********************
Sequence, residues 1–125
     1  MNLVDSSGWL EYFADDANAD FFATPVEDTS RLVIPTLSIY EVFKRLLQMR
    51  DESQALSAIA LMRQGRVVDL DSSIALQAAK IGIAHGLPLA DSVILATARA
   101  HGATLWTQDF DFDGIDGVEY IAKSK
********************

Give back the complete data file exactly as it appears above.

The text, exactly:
Sequence, residues 1–125
     1  MNLVDSSGWL EYFADDANAD FFATPVEDTS RLVIPTLSIY EVFKRLLQMR
    51  DESQALSAIA LMRQGRVVDL DSSIALQAAK IGIAHGLPLA DSVILATARA
   101  HGATLWTQDF DFDGIDGVEY IAKSK